Dedicated to NCHU Library staff who had been through the 921 Earthquake together
The Meniki Tree
My name is Vigo. I am here to tell you a story about a table and a library. My life began with a tiny seed of Meniki (Taiwanese red cypress). Carried by wind, one day I dropped to the ground near a giant fellow downed by a bolt in a stormy evening. With the open space left by the fallen giant, I was shined by sunlight and soon a sprout burst out. This was 1796, the year the aging Emperor Chien-Lung (乾隆) passed the crown to his son Chia-Ching (嘉慶). I found myself taking root in a deep valley of Mountain So-Chen (守城大山) shrouded by mist and cloud all year round. The mountain, a century and half later, became part of Huei-Sun Forest (惠蓀林場), an affiliation of Chun-Hsing Univerversity (中興大學). Two hundred years ago, Mountain So-Chen remained as a virgin forest with lush-green and tall conifers. It was so quiet that one could only hear wind whispering and streams running. What I enjoyed most was moisture and cool air brought in by east wind from the Pacific Ocean. I soaked in mountain dew in the morning and bathed in brief golden sun at noon. I still remember vividly the tranquility and languor I had before. Life like this went on for 150 years. I became a towering tree with shining scaly leaves and thick fibrous brown bark, 30 meters high and 150 centimeters across. I was a healthy Meniki tree standing tall in a valley of Mountain So-Chen. (Fig. 1)
But my peaceful life soon came to an end. In an early spring morning of 1954, a group of loggers with chainsaws appeared on the edge of the forest. A brutal clear-cut began without mercy. All Meniki trees in the valley were felled and topped at the stump. No one was spared. We were loaded on trucks and transported to a sawmill called Taiwood (台木公司) on Nan-Men Road (南門路) in Taichung city. (Fig. 2)
Firstly, I was sliced into thick, flat planks. After that, I was trimmed squarely and became a board of 180cm long, 90cm wide and 5cm thick. Then four legs were added down below. They were connected by two linkage bars as foot rest. (Fig. 3) Until now, this remains the most distinguished feature of mine. I began to take shape of a table. Finally, I was polished and painted with clear, glossy lacquer. I was made a glittering solid-wood study table.
The Young Provincial College
One day, in a short drive I was shipped to a two-floor building. It was a newly completed library of Taiwan Provincial College of Agriculture (臺灣省立農學院). (Fig. 4)
In fact, this college was just one block away from Taiwood. It was worth mentioning that the library was the first and tallest reinforced-concrete building on campus at the time. Along with other tables, I was moved and placed in a study room on the 2nd floor. From then on, I served as a table with four chairs for students to study and do homework before and after class. (Fig. 5)
In 1954, the provincial college had a rather small campus, compared with the present one, spanning east-to-west from Kuo-Guan Road (國光路) to the famous Palm Road (椰林路) and north-to-south from Hsin-Da Road (興大路) to Zhon-Min South Road (忠明南路). Kuo-Guan Road (國光路) and Zhon-Min South Road (忠明南路) actually were not developed yet. The college was surrounded by immense rice paddies, vegetable fields and fish ponds. Later on, some place there became the site of the present library. (Fig. 6)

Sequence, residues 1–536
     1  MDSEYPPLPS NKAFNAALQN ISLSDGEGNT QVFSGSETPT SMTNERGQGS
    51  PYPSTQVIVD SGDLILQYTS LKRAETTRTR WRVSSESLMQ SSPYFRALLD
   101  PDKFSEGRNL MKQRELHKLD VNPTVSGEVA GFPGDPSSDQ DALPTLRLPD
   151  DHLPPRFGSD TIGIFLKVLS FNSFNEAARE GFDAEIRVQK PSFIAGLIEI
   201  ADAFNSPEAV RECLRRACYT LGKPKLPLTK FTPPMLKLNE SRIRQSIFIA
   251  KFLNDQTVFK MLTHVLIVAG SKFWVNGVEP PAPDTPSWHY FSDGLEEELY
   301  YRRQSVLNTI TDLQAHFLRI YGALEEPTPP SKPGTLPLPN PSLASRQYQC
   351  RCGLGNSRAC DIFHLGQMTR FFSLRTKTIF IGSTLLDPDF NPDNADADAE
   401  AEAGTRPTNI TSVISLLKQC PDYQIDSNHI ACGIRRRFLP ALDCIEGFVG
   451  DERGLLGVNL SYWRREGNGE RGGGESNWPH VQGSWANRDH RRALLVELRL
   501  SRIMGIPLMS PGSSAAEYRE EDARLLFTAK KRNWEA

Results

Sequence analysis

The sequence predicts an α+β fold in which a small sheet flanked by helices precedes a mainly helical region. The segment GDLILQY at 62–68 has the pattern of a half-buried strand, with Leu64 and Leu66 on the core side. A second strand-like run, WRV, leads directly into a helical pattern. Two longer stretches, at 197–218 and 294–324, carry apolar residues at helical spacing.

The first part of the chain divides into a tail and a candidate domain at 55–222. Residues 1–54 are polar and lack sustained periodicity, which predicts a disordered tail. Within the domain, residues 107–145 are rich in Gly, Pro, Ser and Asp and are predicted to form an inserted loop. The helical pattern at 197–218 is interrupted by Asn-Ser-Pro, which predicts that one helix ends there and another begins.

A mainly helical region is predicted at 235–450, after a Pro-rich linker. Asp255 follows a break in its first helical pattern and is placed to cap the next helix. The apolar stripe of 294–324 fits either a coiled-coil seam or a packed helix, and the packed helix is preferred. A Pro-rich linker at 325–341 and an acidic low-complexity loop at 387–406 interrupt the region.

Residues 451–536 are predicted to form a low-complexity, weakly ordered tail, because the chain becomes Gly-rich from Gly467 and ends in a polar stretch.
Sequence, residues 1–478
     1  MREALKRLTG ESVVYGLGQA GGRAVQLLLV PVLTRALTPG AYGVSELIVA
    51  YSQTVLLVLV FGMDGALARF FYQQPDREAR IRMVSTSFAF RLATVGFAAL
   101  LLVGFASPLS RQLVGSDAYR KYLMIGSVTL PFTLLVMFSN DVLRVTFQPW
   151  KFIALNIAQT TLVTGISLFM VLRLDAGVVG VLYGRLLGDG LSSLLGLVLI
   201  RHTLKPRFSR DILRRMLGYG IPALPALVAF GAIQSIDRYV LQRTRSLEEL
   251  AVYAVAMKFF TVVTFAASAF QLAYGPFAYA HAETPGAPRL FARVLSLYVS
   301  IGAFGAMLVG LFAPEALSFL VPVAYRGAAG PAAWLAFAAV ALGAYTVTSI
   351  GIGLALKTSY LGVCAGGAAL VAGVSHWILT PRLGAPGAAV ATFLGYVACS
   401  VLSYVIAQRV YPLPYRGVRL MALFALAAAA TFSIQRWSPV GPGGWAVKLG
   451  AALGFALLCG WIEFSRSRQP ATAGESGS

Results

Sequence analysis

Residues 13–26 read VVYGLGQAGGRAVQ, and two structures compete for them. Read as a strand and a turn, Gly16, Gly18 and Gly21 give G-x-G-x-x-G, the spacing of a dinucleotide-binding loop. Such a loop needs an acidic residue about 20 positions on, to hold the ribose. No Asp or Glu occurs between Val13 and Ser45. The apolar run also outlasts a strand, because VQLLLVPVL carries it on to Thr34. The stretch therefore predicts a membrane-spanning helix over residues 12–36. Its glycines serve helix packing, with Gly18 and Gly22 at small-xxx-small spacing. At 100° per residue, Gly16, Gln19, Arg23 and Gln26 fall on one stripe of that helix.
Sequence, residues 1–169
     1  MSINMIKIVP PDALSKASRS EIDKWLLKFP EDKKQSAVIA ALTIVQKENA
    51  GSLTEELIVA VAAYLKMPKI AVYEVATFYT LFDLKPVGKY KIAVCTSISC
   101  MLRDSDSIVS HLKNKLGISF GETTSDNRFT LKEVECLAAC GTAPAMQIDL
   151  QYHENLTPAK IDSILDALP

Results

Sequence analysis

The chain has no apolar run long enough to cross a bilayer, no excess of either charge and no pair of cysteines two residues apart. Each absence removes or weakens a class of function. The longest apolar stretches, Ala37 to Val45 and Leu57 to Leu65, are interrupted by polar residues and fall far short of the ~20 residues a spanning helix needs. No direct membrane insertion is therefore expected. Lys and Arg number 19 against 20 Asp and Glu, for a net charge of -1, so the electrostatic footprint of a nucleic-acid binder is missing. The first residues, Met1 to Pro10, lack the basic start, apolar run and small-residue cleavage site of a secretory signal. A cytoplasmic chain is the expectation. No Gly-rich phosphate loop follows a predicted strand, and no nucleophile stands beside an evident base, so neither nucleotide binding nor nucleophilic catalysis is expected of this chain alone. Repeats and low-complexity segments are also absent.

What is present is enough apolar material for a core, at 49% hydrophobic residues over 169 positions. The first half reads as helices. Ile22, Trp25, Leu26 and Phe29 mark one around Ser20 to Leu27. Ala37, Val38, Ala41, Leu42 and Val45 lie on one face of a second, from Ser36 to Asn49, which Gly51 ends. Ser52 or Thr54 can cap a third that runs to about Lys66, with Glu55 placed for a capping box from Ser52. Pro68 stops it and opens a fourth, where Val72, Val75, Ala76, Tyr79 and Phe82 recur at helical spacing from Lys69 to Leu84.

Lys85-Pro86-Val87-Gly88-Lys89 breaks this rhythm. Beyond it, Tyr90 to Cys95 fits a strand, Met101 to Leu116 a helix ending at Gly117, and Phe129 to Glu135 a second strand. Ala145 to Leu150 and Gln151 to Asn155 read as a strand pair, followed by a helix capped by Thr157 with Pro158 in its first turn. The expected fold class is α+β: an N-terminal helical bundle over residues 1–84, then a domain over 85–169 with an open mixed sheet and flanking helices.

Buildings and classrooms scattered mainly along Palm Road. The library faced eastward and was located in the southwestern corner of Palm Road and Da-Shuei Road (大學路). This is exactly the location of the Science Building at present. Across Palm Road was my obstreperous neighbor, track field, where students played sports. (Fig. 7) Now stands the Building of Civil and Environment Engineering.
In 1954, the provincial college had a faculty of 113 instructors at all ranks and estimated 1000 students in 5 departments. Students’ spirit was impressively high in spite of poor material living standards in the 1950s. They were inquisitive and hardworking. Students lined up for reservation at the front door before it was open in the morning. Almost every one of the 320 seats was taken at all times. In the evening the library became the brightest building on campus. (Fig. 8)
In the early 1960s, the postwar baby-boomer generation reached the age for college. The provincial college became a provincial university with 3 colleges in 1961. The name of Chun-Hsing Univerversity (中興大學) was officially coined. The university started to extend its campus westwards through several claims of eminent domain. It acquired land that used to be rice fields and fish ponds. Campus was quickly doubled, and incessant developments were made since then. Student enrollments soon exceeded 1700 in 13 departments on the main campus. To meet the ever increasing demand of space, the university added a three-floor annex on the north side of its original building in an L arrangement. (Fig. 9) All wood furniture were renovated and painted. On the opening day of the annex, I wore fresh dark brown paint to welcome students.
The Bowl and Closet
Explosion of student enrollments inexorably led to the need of a new, spacious library. Land on the south shore of Chung-Hsin Lake (中興湖) was chosen as the construction site. The new library building was completed in 1980. And it quickly became the landmark of the university. The building was a complex comprising three sections: a four-floor, bowl-shaped structure for study rooms in the east, a tall rectangular tower for book storage in the west, and a connection structure in between. (Fig. 10)
This unique feature in outlook soon lent the building to a nickname for Bowl and Water Closet. Not reverent but amiable in a sense. The bowl provided a capacity of 1000 seats, solving the long-term space problem of the library.The tower was a huge concrete structure in exterior that enclosed a stack of 7 floors built inside independently, each with steel plates juxtaposed in rows. An upper floor was stacked on the lower one with steel columns for the upright support, floor by floor. This fatal design, 19 years later, contributed to the disastrous destruction of itself in the 921 earthquake. Shortly we all moved into the new building, and I still served as a study table. One day many long tables arrived. They were new study tables in place of us. Alas! My miserable life began from then on. These tables were made of plywood with two flat supports down under. (Fig. 11) They were painted light tan and had a hard vinyl table top. These tables came with chairs that looked odd. Each chair was made of a single piece of thick plywood bent in an “ㄣ” (pronounced as an) shape. They were really one of the kind! However, no one recognized me – beneath the thick brown paint, I was a genuine solid-wood Meniki table – and I was moved down to the basement. This place was a big garage, and I became a stock table there.